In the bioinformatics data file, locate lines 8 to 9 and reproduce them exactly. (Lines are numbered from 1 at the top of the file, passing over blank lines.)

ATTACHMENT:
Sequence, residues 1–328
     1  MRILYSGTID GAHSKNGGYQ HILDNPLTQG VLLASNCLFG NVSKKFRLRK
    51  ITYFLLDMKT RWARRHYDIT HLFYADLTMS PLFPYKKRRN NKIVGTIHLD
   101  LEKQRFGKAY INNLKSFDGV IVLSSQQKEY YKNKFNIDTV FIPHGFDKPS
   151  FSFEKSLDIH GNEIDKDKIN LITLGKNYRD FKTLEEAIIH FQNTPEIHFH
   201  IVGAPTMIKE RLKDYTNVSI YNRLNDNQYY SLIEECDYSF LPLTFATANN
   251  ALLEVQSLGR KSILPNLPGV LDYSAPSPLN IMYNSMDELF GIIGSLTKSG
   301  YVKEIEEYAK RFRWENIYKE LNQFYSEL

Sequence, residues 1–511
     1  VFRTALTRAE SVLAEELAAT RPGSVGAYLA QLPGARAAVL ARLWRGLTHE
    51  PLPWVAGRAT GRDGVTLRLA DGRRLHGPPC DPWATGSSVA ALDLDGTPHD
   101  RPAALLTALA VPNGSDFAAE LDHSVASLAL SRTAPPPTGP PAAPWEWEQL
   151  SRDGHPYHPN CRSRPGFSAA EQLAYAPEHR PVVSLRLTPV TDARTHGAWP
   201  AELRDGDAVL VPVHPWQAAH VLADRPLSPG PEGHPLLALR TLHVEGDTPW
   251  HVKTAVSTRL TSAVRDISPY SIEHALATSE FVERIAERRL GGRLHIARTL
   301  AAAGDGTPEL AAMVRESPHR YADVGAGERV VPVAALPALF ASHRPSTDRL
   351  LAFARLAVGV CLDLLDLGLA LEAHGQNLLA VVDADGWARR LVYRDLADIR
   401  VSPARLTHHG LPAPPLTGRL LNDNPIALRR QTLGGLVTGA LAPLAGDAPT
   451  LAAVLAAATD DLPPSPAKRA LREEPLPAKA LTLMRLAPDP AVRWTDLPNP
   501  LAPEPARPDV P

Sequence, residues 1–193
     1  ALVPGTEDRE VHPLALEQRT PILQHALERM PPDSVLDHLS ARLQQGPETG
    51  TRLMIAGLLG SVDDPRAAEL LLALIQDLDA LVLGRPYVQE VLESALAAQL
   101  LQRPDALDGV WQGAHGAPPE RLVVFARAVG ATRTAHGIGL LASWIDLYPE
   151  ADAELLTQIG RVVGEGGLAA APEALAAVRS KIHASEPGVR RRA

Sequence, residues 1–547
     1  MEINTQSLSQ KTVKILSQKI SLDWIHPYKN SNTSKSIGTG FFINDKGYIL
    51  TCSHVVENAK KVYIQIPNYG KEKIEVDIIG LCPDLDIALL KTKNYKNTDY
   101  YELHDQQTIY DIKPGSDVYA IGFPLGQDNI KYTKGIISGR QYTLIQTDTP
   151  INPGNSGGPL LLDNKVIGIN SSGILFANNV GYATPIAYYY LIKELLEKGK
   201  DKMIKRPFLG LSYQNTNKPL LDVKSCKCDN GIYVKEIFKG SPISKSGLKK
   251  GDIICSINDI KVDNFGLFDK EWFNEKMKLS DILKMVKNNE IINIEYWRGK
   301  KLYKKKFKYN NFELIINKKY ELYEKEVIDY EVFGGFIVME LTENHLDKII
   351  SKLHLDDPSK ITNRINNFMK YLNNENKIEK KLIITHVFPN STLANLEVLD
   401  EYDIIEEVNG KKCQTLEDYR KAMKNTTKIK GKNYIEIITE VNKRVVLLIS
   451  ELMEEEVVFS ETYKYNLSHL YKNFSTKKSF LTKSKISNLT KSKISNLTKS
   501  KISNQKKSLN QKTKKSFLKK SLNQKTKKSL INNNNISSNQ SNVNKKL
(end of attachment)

   301  YVKEIEEYAK RFRWENIYKE LNQFYSEL

Sequence, residues 1–511